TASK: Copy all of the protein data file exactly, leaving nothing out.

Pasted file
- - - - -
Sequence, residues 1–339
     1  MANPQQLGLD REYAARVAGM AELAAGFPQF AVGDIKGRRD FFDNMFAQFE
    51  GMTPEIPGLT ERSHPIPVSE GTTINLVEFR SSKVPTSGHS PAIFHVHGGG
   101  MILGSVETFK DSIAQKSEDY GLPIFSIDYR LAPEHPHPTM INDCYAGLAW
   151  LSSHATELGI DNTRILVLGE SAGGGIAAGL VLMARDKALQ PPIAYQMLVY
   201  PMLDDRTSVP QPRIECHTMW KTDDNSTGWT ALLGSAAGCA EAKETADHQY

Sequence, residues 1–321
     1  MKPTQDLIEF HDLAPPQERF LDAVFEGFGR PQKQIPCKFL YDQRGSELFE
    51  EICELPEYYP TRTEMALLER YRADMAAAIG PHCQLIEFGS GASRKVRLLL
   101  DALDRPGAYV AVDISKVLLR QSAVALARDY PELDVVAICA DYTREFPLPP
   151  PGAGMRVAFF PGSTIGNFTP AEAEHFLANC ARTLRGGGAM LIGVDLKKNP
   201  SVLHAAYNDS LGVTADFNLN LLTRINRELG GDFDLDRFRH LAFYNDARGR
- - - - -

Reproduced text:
Sequence, residues 1–339
     1  MANPQQLGLD REYAARVAGM AELAAGFPQF AVGDIKGRRD FFDNMFAQFE
    51  GMTPEIPGLT ERSHPIPVSE GTTINLVEFR SSKVPTSGHS PAIFHVHGGG
   101  MILGSVETFK DSIAQKSEDY GLPIFSIDYR LAPEHPHPTM INDCYAGLAW
   151  LSSHATELGI DNTRILVLGE SAGGGIAAGL VLMARDKALQ PPIAYQMLVY
   201  PMLDDRTSVP QPRIECHTMW KTDDNSTGWT ALLGSAAGCA EAKETADHQY

Sequence, residues 1–321
     1  MKPTQDLIEF HDLAPPQERF LDAVFEGFGR PQKQIPCKFL YDQRGSELFE
    51  EICELPEYYP TRTEMALLER YRADMAAAIG PHCQLIEFGS GASRKVRLLL
   101  DALDRPGAYV AVDISKVLLR QSAVALARDY PELDVVAICA DYTREFPLPP
   151  PGAGMRVAFF PGSTIGNFTP AEAEHFLANC ARTLRGGGAM LIGVDLKKNP
   201  SVLHAAYNDS LGVTADFNLN LLTRINRELG GDFDLDRFRH LAFYNDARGR